Today’s audiences might find the character’s return from the dead clichéd, but Linda Gray brings so much conviction to Sue Ellen’s weepy reunion with Dusty – and charismatic Jared Martin is such a welcome presence on “Dallas” – I’m willing to overlook it.

Both actors are especially wonderful in the episode’s touching final scene, when Dusty sends Sue Ellen away because he believes he can’t make her happy as long as he’s paralyzed. Everything here works, particularly scriptwriter Leonard Katzman’s beautiful dialogue (“Don’t make me see myself every day in your eyes.”) and Martin’s stoic delivery. This is good old-fashioned soap opera, right down to the tight close-up of Gray’s tear-streaked face.

Surprisingly, the reunion of Ray and Donna, who are usually “Dallas’s” most down-to-earth couple, feels less credible. In “Lover, Come Back,” he asks her to persuade Miss Ellie to drop her fight against the Takapa development. Donna gets righteous, Ray gets angry, their argument turns passionate and the next thing you know, she is waking up to his marriage proposal, which she accepts on the spot. How efficient!

But the real eye roller comes when J.R. summons the cartel members to his office, just as Hank phones to announce the Asian coup succeeded and the nationalized oil wells will be returned to their rightful owners. The cartel members are gleeful – J.R. even gets a kiss from Marilee, who sued the Ewings at the beginning of the season because she blamed J.R. for her husband’s suicide – and Leslie later compliments him on a job well done.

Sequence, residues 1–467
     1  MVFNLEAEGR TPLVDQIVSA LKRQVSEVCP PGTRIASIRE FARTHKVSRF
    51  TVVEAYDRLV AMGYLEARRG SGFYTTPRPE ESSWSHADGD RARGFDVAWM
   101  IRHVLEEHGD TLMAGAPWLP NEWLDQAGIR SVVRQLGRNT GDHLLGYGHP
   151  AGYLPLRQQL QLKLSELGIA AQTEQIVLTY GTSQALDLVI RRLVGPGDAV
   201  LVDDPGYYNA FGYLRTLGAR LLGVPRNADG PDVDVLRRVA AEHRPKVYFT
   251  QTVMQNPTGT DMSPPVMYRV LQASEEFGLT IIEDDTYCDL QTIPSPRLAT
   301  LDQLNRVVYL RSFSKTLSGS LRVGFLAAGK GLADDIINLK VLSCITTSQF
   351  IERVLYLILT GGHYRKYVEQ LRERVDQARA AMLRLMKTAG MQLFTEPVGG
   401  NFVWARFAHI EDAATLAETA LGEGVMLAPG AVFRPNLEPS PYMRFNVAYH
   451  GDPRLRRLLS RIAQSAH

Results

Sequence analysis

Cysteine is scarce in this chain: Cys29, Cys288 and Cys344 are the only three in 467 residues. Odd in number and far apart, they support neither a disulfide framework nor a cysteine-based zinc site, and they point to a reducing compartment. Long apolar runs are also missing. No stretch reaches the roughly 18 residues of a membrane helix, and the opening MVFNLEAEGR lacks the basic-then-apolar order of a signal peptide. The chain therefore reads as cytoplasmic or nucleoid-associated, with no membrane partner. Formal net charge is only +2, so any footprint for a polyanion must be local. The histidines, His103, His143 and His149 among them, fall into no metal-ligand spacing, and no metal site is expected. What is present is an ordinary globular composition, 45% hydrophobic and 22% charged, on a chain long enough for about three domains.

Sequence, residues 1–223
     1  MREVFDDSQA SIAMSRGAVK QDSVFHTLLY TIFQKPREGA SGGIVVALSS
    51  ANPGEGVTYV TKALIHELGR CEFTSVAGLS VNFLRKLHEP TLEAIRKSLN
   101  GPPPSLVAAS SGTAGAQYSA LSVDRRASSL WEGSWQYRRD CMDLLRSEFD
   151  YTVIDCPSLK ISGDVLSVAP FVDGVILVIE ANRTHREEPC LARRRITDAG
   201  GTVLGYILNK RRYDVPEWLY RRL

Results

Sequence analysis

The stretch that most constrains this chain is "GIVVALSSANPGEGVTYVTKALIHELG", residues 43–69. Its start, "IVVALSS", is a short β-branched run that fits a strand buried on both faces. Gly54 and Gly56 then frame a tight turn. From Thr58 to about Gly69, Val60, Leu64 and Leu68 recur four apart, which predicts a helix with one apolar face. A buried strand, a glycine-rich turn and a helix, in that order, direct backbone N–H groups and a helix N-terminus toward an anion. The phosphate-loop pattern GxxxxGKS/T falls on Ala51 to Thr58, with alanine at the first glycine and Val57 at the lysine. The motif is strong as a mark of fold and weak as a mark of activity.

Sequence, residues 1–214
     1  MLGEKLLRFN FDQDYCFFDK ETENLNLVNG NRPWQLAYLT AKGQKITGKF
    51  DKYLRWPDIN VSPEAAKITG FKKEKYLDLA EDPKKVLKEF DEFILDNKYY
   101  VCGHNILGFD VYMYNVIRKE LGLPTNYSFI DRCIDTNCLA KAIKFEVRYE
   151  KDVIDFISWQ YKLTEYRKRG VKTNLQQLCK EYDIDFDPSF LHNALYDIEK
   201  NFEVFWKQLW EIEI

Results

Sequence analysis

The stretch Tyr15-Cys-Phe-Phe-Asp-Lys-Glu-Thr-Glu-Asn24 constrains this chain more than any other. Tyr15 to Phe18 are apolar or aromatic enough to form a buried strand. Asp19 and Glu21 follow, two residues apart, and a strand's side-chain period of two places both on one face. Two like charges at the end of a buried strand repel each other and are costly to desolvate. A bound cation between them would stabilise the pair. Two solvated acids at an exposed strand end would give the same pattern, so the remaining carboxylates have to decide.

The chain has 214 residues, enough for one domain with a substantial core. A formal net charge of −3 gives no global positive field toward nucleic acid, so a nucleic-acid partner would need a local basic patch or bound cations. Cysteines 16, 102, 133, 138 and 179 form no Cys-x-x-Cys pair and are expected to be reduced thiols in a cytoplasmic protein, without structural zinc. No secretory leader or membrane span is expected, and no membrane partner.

“I do have my moments, don’t I?” he responds.

Yes, J.R., you do. But this isn’t one of them.

Grade: B


Together again

Together again


Season 4, Episode 16

Airdate: February 20, 1981

Audience: 27.1 million homes, ranking 1st in the weekly ratings

Writer: Leonard Katzman

Director: Irving J. Moore

Synopsis: Sue Ellen learns Dusty is alive but he doesn’t want her back because he’s paralyzed. Ray and Donna get engaged. J.R. is welcomed back into the cartel when the Asian coup succeeds and the oil wells are “denationalized.”

Cast: Robert Ackerman (Wade Luce), Barbara Bel Geddes (Miss Ellie Ewing), Len Birman (Claude Brown), Claudia Bryar (cleaning lady), Jeff Cooper (Dr. Simon Elby), Jim Davis (Jock Ewing), Patrick Duffy (Bobby Ewing), Joel Fabiani (Alex Ward), Fern Fitzgerald (Marilee Stone), Susan Flannery (Leslie Stewart), Linda Gray (Sue Ellen Ewing), Larry Hagman (J.R. Ewing), Ron Hayes (Hank Johnson), Susan Howard (Donna Culver), Steve Kanaly (Ray Krebbs), Sherrill Lynn Katzman (Jackie), Howard Keel (Clayton Farlow), Ken Kercheval (Cliff Barnes), Audrey Landers (Afton Cooper), Jared Martin (Dusty Farlow), Leigh McCloskey (Mitch Cooper), Victoria Principal (Pam Ewing), Paul Sorensen (Andy Bradley), Don Starr (Jordan Lee), Charlene Tilton (Lucy Cooper), Martin West (Phil McKenna), Morgan Woodward (Punk Anderson)

“Lover, Come Back” is available on DVD and at and iTunes. Watch the episode and share your comments below.